What is Webbing?
Webbing is a woven fabric that is distinguishable by its various material compositions, strength variations and widths. The webbing process essentially involves yarns that are woven via looms to create strips. While it is generally comparable to rope for its harnessing function, webbing is an extremely versatile component used in an array of industry applications, ranging from military apparel to automotive parts. Typically, webbing is fabricated in solid or tubular form, with each type having different applications and functions. While ropes are typically thick in texture, PRET webbing is produced in extremely lightweight parts. The primary materials used in the production of webbing include variations of polyester, nylon, and polypropylene. Cotton webbing is also available and is commonly used in commercial applications, including clothing apparel. Webbing is also customizable in a series of colors, designs and prints, and manufacturers can fabricate reflective webbing for safety applications.
Standard Industry Applications
Webbing is found across various sectors. Standard RPET webbing applications and associated industries include:
Seatbelts and harnesses; automotive industry
Hiking, backpack and harnessing gear; sporting good retail apparel
Safety bands and tapes; hospital and medical industry
Upholstery (seat bases); furniture manufacturing
Uniform (suspenders) and accessories for various professions, e.g. police and military
Web Processing: Solid (Flat) and Tubular
Solid webbing is also known as flat webbing and is fabricated in varying degrees of thickness. Distinguished by its flat aesthetic, solid webbing is commonly used for applications like seatbelts. It is lightweight though it is susceptible to tearing, as stress from use tends to affect the outer surface of the material. Solid webbing is generally too stiff to function in applications that require knots, which is why this type of webbing is best suited for applications where the material can be sewn into a larger product. Backpack straps, for instance, are examples of this type of solid webbing.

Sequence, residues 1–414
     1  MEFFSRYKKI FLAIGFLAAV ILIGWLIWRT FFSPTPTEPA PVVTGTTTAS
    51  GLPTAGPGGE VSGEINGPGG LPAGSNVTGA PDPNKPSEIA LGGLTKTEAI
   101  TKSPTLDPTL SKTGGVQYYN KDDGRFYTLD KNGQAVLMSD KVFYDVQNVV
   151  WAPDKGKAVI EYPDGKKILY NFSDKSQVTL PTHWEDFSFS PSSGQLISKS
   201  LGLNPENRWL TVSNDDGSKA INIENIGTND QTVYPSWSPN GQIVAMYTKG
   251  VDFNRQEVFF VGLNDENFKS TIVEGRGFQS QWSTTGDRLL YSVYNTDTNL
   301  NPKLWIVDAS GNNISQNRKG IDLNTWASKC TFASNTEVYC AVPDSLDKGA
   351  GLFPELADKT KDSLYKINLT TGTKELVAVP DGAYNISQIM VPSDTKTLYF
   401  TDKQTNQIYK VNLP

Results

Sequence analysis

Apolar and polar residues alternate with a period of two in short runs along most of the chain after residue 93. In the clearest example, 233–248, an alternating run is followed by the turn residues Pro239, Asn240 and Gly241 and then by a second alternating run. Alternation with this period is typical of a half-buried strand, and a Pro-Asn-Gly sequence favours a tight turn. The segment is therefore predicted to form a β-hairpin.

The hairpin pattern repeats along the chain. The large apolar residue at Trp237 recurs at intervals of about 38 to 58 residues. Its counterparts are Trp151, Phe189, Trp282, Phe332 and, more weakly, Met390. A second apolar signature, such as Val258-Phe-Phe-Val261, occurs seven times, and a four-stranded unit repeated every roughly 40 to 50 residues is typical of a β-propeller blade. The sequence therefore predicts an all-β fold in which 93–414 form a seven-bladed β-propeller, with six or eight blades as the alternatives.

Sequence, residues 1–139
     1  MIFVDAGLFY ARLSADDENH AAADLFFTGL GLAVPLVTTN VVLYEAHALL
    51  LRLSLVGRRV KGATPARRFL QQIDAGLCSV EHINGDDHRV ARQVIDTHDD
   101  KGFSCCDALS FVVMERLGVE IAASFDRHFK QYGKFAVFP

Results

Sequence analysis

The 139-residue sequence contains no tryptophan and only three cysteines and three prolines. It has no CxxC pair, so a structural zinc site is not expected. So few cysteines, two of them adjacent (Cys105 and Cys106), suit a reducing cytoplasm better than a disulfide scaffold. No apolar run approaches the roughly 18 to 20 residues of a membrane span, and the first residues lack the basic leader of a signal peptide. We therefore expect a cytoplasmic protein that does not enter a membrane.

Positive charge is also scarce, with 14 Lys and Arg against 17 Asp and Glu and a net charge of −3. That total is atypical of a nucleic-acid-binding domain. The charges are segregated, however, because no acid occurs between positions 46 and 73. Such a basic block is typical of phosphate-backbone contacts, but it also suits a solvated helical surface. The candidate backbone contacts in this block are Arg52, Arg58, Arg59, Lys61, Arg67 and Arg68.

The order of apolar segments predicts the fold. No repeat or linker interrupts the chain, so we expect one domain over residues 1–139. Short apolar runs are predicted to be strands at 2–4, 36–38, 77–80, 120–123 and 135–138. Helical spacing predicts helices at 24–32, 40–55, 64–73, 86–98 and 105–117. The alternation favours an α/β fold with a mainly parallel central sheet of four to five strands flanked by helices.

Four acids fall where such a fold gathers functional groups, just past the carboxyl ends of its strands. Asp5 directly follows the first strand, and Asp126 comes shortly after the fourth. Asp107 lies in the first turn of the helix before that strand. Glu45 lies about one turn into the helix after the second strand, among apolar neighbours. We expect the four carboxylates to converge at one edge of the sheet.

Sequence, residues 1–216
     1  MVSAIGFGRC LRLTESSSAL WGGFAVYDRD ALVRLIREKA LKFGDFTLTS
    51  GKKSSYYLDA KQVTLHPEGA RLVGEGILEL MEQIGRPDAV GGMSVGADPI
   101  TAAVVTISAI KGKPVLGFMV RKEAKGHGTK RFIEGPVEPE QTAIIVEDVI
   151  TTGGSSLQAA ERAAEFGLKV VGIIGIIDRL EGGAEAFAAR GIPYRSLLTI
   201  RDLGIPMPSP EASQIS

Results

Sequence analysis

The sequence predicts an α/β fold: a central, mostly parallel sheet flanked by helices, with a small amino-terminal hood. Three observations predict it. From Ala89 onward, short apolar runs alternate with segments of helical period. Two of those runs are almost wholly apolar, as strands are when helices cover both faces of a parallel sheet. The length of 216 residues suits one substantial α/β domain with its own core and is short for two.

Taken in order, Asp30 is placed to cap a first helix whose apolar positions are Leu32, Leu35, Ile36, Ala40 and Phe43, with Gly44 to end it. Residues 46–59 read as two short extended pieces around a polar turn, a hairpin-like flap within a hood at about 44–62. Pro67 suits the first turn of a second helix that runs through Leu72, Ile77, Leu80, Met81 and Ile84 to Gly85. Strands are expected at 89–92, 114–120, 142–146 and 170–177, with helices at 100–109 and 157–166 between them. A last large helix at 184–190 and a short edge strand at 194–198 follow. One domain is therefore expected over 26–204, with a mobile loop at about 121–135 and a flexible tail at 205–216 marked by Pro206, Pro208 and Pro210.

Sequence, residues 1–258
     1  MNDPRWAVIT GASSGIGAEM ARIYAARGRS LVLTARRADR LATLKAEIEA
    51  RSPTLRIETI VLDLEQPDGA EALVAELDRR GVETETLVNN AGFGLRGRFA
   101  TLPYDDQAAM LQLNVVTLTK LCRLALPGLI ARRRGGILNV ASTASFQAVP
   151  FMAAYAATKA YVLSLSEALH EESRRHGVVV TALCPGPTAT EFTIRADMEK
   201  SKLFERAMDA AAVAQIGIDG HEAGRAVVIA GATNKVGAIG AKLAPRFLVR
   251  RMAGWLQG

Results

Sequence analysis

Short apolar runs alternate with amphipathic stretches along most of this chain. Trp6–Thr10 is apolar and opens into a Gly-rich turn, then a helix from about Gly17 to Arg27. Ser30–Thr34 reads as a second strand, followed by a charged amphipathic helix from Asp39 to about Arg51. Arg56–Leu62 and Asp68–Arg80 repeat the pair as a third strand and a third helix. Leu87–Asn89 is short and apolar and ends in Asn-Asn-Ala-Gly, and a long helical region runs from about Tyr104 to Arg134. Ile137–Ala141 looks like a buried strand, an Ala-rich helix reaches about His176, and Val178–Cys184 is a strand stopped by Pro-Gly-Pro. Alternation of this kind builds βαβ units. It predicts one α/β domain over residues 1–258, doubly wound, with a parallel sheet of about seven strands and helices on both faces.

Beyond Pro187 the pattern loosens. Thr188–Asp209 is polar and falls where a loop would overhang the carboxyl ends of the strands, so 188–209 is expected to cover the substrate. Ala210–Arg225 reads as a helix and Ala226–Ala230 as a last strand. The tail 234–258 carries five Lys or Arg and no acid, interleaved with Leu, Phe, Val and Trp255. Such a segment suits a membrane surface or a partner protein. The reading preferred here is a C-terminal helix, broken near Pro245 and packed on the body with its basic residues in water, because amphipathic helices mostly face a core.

Tubular webbing is thicker and more durable than solid PP webbing and is composed of two sheets of fabric. It is suitable for knotting applications (like a rope for hoisting) and carries tension better than solid webbing. For functions like climbing, experts recommend utilizing tubular webbing that is woven into a continuous loop.
Common Webbing Materials
Below are the common webbing materials and some examples of webbing, and types and uses. While nylon and polyester have similar properties to each other, there are some key differences.
Nylon Webbing is a high strength elastic material that is commonly used for belt applications (specifically, flat nylon). This material tends to stretch approximately 2% the length of the webbing when it is wet. When looking at how to make nylon webbing, experts warn that nylon webbing should not be exposed to water continuously, as the material tends to absorb liquid and may harbor mildew if it is not maintained properly.
Polyester webbing is durable and similar in aesthetic to nylon. This material is suitable for use for applications that require lifting heavy loads. Polyester webbing has low water-absorption and is more mildew and rot-resistant than nylon. This webbing is commonly used in applications including racing harnesses and seatbelts.
This type of webbing is typically used for outdoor applications. Some products fabricated with this Nylon webbing include window nets and plastic bags. Polypropylene webbing is comparable to nylon, though it is generally lighter. Additionally, it is fabricated with U.V. protection and is water-resistant. This material is processed in varying degrees of thickness, although it has low abrasion resistance. According to experts, it is most suitable for medium-strength operations.
The following guest article was inspired by an enlightening conversation between SRN editor Denise Donaldson and Dave Sander, CPST-I and engineer (formerly with Evenflo, but employed elsewhere at the time this article was written).
Have you ever given close attention to the webbing used for car seat harnesses, LATCH straps, or vehicle seat belts? If so, you may have noticed that some are wider or feel thicker, smoother, or rougher than others. You may have also noticed that some have stripes (actually called panels), and that those panels vary in appearance and number.
If you have noted these things, I congratulate you on your keen sense of observation! These differences are not random or decorative; each detail in webbing has been intentionally designed to affect how it will perform, especially in a crash.
FMVSS 213 stipulates certain webbing characteristics of CRs. It defines the minimum width of the Print webbing used in harnesses, tethers, and LA straps. It also says that new webbing must meet a minimum strength requirement of 11,000 Newtons for harness webbing and 15,000 Newtons for LA and tether webbing. To get an idea of how strong that is, you could basically pick up a Honda Accord with a strap made out of LA or tether webbing!